Intel anti-competition case begins

Intel anti-competition case begins

Chip-maker accused of paying clients not to use AMD products

Chip maker Intel will defend its business practices in court today as it attempts to avoid the huge fines the European Comission could impose for anti-competitive practices against rival company AMD.

After a six-year investigation, the Commission accused Intel of offering rebates to computer makers that use its processors, as well as paying clients to cancel products used by AMD.

"We believe our business practices are lawful," said a spokesman for Intel.

If found guilty, the supplier could face fines of up to 10 per cent of its annual global revenues - equivalent to $3.2bn (£1.6bn) in 2006.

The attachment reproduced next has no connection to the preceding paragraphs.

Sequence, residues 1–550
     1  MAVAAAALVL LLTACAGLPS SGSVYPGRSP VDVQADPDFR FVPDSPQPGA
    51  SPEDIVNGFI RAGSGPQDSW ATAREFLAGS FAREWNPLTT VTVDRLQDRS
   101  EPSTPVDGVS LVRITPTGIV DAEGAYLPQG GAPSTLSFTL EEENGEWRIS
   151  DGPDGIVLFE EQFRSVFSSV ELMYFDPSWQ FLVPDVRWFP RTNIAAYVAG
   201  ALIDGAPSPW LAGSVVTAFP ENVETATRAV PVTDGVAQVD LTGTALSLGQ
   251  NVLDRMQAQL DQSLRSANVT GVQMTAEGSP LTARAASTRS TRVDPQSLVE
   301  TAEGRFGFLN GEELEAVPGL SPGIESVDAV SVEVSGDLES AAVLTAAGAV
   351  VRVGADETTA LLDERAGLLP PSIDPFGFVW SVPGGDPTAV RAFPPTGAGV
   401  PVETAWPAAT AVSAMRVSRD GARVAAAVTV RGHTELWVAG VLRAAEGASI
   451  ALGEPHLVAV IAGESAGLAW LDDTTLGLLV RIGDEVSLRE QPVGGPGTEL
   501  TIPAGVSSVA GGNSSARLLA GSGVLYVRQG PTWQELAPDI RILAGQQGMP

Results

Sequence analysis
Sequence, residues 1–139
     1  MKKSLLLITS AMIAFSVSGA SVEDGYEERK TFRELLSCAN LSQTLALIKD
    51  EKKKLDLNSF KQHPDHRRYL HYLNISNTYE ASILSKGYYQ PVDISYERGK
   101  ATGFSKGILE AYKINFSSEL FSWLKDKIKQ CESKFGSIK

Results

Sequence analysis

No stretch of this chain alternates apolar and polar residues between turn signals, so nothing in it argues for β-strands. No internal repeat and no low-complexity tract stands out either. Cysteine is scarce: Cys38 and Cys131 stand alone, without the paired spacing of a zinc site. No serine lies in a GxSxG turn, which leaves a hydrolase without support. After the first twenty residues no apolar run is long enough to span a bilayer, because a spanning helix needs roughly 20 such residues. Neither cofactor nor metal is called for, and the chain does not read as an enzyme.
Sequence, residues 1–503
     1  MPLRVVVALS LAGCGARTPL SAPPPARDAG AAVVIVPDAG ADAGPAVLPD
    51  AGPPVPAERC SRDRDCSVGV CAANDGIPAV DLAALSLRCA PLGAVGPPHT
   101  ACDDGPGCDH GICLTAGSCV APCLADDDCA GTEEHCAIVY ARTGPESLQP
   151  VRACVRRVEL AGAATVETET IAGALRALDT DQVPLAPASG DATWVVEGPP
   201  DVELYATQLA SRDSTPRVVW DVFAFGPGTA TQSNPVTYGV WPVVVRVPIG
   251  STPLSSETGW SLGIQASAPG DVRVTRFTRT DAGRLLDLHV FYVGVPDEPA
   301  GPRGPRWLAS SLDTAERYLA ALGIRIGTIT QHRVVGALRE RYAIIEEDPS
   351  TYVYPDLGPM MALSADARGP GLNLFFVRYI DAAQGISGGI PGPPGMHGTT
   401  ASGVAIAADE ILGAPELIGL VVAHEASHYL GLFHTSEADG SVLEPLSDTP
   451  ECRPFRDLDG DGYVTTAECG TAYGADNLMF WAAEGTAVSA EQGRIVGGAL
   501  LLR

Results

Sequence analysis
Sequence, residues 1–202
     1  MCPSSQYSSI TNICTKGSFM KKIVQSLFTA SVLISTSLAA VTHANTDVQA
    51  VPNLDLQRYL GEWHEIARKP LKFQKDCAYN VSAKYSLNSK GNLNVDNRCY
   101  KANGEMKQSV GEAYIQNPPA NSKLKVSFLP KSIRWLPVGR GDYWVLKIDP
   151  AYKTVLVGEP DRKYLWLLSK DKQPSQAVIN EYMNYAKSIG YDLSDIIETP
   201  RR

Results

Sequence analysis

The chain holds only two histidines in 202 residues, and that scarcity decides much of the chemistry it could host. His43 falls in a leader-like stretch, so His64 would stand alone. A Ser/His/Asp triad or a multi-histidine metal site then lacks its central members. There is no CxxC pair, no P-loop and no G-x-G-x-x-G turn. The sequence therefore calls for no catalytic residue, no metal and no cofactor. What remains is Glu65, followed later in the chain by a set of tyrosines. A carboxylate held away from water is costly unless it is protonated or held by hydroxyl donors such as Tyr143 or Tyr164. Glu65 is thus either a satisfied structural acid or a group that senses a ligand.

The Commission demonstrated last month that it is not afraid to slap huge fines on companies - fining Microsoft €899m (£681m) for non-compliance with an order to open up its software to other developers.

AMD gained market share in 2005 and the first half of 2006, but suffered a downturn in the second half of the year following a price war.

Intel holds about an 80 per cent share of the chip market, while AMD controls less than 20 per cent.

The US Federal Trade Commission dropped an investigation about Intel's marketing practices in 2000.

The case will last two days.